Real Steel

2011

Touchstone Pictures

 Directed by Shawn Levy

Produced by Susan Montford and Don Murphy

Screenplay by John Gatins

Story by Dan Gilroy

Based on “Steel” by Richard Matheson

Ever since I first saw the trailers for this movie I have refused to call it by its actual name of REAL STEEL.  Far as I was concerned this was “Rock ‘Em Sock ‘Em Robots: The Movie” and now that I’ve actually seen it, I think it deserves that title even more.  Because that’s just what it is; robots rockin’ and sockin’.  Wrapped around the epic ‘bot battles is a heartwarming story of a father and son reconnecting and without the story, the movie wouldn’t nowhere be near as much fun as it is.

It’s twenty minutes into the future and human boxing has been replaced by robot boxing.  Charlie Kenton (Hugh Jackman) stays in the game thanks to the underground illegal robot boxing arenas.  He buys robots on the black market.  Robots who usually lose.  On the run from men who owes a lot of money to, Charlie is informed that his ex-girlfriend has died, leaving behind her 11 year old son, Max (Dakota Goyo).  Charlie has absolutely no interest in being a father so he makes a deal with Uncle Marvin (James Rebhorn).  Marvin wants to go away to Italy with Aunt Debra (Hope Davis) for a final fling as a couple before settling down to raise Max.  For $100,000 Charlie agrees to sign away all legal claim to Max and take care of the boy for three months.  Neither Charlie or Max is happy about the arraignment and caught in the middle of their mutual antagonism is Charlie’s long suffering girlfriend Bailey (Evangeline Lilly).  She’s had with fixing the busted up robots Charlie keeps bringing home.  And the final straw is when Charlie badly mishandles the controls of a Japanese fighting robot named Noisy Boy.  Noisy Boy gets trashed in a fight, leaving them all broke as Charlie spent his $50,000 advance buying the robot.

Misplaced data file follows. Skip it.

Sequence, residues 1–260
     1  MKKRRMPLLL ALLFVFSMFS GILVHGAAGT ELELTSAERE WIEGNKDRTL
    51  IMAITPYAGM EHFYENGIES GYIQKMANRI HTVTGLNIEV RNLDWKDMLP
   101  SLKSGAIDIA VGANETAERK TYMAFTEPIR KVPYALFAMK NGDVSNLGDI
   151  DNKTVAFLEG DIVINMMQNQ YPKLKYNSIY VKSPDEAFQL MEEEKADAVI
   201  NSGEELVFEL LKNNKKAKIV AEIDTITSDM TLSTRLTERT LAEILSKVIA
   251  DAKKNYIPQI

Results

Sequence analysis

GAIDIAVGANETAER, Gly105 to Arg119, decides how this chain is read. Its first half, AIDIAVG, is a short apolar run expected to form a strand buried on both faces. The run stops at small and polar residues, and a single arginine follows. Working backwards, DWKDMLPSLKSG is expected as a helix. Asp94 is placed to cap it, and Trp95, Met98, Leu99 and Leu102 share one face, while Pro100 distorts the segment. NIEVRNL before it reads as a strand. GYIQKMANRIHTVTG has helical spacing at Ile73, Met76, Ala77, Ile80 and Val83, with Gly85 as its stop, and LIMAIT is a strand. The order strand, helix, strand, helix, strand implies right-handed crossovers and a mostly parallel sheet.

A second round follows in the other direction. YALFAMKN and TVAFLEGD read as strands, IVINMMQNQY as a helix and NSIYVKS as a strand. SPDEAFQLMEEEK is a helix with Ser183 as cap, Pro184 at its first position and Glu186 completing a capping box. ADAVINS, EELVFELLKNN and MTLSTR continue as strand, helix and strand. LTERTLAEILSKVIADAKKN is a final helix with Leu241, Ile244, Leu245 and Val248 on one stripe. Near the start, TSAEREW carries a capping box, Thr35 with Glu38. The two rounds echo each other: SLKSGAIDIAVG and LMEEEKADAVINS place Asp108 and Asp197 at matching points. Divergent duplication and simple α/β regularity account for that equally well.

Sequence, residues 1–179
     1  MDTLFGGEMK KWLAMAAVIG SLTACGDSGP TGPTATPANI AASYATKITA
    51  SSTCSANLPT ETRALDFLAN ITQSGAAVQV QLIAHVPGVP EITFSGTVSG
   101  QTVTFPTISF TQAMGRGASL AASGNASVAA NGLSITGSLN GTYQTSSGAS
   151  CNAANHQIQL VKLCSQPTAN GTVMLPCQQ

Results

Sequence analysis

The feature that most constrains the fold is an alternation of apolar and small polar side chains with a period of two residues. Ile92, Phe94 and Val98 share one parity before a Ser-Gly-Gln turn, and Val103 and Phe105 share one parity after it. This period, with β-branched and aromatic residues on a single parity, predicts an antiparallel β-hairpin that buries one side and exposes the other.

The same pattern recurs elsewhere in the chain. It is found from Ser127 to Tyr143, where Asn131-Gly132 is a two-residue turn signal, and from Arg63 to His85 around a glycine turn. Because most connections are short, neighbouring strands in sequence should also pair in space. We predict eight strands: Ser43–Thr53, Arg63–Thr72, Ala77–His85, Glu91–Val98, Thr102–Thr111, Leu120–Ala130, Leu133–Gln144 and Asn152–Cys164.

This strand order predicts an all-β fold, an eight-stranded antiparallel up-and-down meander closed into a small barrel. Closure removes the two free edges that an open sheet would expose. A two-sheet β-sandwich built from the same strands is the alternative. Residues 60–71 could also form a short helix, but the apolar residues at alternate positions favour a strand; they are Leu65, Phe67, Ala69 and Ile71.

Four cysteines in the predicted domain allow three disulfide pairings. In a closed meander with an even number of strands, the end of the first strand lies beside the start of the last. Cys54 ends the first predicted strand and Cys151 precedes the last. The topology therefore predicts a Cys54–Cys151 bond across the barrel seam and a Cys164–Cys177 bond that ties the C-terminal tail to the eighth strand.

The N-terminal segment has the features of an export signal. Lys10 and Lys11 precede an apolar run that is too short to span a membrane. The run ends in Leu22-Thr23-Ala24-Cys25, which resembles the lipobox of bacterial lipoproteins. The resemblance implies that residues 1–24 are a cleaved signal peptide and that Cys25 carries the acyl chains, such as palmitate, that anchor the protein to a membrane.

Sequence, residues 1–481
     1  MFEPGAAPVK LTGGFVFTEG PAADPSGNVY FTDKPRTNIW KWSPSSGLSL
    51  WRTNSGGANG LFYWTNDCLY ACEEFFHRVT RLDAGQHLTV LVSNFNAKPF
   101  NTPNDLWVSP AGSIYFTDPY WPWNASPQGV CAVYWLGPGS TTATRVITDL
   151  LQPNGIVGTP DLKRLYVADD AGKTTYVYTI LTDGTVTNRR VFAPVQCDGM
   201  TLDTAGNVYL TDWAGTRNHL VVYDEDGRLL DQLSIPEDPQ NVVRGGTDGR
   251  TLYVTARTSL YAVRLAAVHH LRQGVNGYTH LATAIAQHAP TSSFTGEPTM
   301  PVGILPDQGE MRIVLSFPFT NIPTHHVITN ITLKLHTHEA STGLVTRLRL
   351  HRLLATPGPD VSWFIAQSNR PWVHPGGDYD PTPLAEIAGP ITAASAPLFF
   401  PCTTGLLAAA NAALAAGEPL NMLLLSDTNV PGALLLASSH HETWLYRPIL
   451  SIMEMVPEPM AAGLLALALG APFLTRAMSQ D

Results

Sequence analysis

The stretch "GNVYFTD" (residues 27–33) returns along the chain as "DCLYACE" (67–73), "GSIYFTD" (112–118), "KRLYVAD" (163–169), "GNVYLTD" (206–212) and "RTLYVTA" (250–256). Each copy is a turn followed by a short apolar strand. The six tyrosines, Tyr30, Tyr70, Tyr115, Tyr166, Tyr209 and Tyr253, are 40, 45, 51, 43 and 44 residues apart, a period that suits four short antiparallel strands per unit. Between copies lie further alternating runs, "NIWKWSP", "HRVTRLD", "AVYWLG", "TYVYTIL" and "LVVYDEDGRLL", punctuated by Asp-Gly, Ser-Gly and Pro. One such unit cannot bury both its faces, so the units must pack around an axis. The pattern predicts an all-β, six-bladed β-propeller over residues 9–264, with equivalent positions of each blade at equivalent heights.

But things change when Charlie and Max find an entire working robot in a junkyard while foraging for replacement parts to repair Noisy Boy.  The found robot, named Atom is a sparring robot.  He can take a lot of punishment but he can’t dish it out.  Taking parts for Noisy Boy and another robot, Charlie and Max upgrade Atom and take him on the road where Atom proceeds to take the robot boxing world by surprise when he wins match after match.  In the process attracting the attention of genius robot designer Mashido (Karl Yune) and Farra Lemcova, the brains and money behind Zeus, undisputed champion of The World Robot Boxing League.  Atom is becoming too popular too fast and so a unique challenge is proposed.  One that may destroy the bond that has been forged between not only between father and son but between boy and robot as well.

Don’t let that last line throw you.  You don’t have to have seen a lot of boxing movies to tell how REAL STEEL is going to end up.  Or think this is going to be a heavy emotional trip.  Every single beat REAL STEEL hits goes all the way back to 1931’s “The Champ”.  That’s not to say that REAL STEEL doesn’t have fun with boxing movies tropes.

I especially enjoyed the choreography of the robot fighters as well as their distinctive visuals.  In the “Transformers” movies it’s impossible for me to tell the robots apart or understand what’s going on in the fight scenes.  Not so in REAL STEEL.  The great Sugar Ray Leonard was the boxing consultant for the movie and it shows.  Even though these are CGI/animatronic seven foot tall, thousand pound robots, they move with the fluid grace and realism of human boxers.  It’s exhilarating to watch.

So should you see REAL STEEL?  Absolutely.  It’s a fun movie and Hugh Jackman is always good in whatever movie he’s in (yes, even “Australia”) while Evangeline Lilly surprised me.  I only know her from “Lost” but judging from this movie, she’s got a nice career ahead of her.  Dakota Goyo plays one of those hyper-intelligent movie kids that usually gets on my nerves.  You know the type; they’re not really kids at all but small adults.  However, in this movie it kinda works as Max is a kid who has been forced by circumstances to grow up before his time while Charlie has simply grown older.  Not necessarily ‘up’.  There are a couple of amusing scenes where Charlie and Max appear to have switched roles as child and adult.

I usually don’t hope for sequels but I am hoping for a REAL STEEL sequel.  And maybe they’ll go ahead and call it REAL STEEL II: ROCK ‘EM SOCK ‘EM ROBOTS.  That would be nice.

127 minutes

PG-13

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